MongoDB Map Re-Reduce and joins – performance tuning

“Why do we use map reduce in MongoDB? Cos it doesn’t support joins.” –  And everybody believes that now! I decided that it was time to try something different. I was amazed to see how little there is on the net about map re-reduce. And there is even lesser information about how to work with multiple collections using map reduce. Here goes nothing!

The problem we faced

One of our projects has Bookings and Vouchers, with the models that look like this

class Booking
  include Mongoid::Document
  # ...
  field :booking_amount, type: Float
  field :is_cancelled, type: Boolean

  has_many :vouchers
  # ...
end

class Voucher
  include Mongoid::Document
  # ...
  field :amt_received, type: Float

  belongs_to :booking
  # ...
end

We needed an aggregation of all the Booking#booking_amount that were not cancelled i.e. Booking#is_cancelled != false and the aggregation of their corresponding Voucher#amt_received – basically a real-time sales report.

Solution 1: Ruby object iteration

As goes with all basic solutions, we took the Ruby approach. It was not bad 😉 The entire gist log is here and a gist of the gist is here:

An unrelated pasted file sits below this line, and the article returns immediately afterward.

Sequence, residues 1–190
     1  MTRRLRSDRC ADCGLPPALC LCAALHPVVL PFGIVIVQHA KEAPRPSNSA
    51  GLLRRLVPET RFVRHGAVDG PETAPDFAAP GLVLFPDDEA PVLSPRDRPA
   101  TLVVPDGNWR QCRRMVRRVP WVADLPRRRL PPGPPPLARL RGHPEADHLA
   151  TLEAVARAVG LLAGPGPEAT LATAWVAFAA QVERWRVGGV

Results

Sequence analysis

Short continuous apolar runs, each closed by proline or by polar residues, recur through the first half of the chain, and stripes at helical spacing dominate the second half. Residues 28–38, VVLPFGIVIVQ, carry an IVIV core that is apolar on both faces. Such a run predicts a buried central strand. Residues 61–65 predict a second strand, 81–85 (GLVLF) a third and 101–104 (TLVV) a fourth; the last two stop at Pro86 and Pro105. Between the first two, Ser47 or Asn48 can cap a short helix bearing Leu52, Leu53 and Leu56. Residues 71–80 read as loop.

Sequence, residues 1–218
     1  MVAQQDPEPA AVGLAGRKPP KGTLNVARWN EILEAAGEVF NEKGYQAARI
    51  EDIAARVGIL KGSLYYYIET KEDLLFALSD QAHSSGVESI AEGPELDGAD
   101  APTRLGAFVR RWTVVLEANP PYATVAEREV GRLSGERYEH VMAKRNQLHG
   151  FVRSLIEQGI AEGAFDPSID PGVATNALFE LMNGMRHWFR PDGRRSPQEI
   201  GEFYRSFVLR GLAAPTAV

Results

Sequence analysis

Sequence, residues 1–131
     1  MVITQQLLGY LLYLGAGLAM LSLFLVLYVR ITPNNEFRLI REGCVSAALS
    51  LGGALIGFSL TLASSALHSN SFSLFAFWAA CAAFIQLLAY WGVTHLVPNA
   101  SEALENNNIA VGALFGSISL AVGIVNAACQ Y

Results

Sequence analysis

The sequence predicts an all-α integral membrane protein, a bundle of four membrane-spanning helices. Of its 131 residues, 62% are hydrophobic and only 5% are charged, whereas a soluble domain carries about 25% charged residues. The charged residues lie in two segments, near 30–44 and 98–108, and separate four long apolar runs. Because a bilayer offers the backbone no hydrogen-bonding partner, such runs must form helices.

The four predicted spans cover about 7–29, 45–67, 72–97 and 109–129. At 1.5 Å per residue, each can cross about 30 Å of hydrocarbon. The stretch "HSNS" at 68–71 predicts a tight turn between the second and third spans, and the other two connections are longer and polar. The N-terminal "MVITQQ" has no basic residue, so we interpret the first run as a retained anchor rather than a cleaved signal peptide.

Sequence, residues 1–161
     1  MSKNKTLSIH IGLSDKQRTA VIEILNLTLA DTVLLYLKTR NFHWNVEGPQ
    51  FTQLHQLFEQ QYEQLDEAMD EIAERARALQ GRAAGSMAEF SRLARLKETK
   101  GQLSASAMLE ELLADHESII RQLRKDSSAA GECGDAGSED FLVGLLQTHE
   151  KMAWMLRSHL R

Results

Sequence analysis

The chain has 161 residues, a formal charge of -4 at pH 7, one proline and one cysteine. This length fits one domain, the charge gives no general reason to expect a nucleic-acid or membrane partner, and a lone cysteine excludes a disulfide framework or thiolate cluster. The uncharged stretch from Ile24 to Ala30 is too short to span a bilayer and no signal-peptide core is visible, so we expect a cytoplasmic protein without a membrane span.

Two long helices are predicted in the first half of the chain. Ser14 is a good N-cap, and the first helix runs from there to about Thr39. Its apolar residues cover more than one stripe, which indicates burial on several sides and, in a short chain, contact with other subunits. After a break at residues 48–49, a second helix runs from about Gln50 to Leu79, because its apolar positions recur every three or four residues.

Started POST "/reports/distributor" for 127.0.0.1 at 2013-03-19 15:02:16 +0530
Processing by ReportsController#distributor as HTML
...
Completed 200 OK in 4201ms (Views: 850.8ms)

This had 714 queries and took 3.5 seconds of server-side processing! This is crazy as the page would load in about 6 seconds. And the performance will degrade over time as we start iterating more Ruby Objects. NOT ACCEPTABLE.

Solution 2: Map/Reduce to the rescue

Here we had to work with these constraints:

  • We cannot fire any database operations in the map, reduce or finalize functions.
  • The reduce return result should have the same type of values returned as the emit.
  • The reduce result should have consistent result with all types of input values (Idempotent behaviour)

The big challenge here was that we needed an aggregation from different collections, just like a join. So, we fired 3 map/reduce operations.

Map and reduce the booking collection data

This map/reduce function worked on the bookings collection and reduced an aggregated result of all the relevant bookings. However, what we also collected were the booking ids themselves (we shall see how we use it soon). We stored the result in a collection ‘distributorReport’. Here is what the basic map/reduce functions looked like

map = function() {
  if (this.is_cancelled == false) {
    data = { bookings: [ this._id ],
             booking_amount: this.booking_amount,
             cancellations: 0
    }
    emit(this.resource_id, data);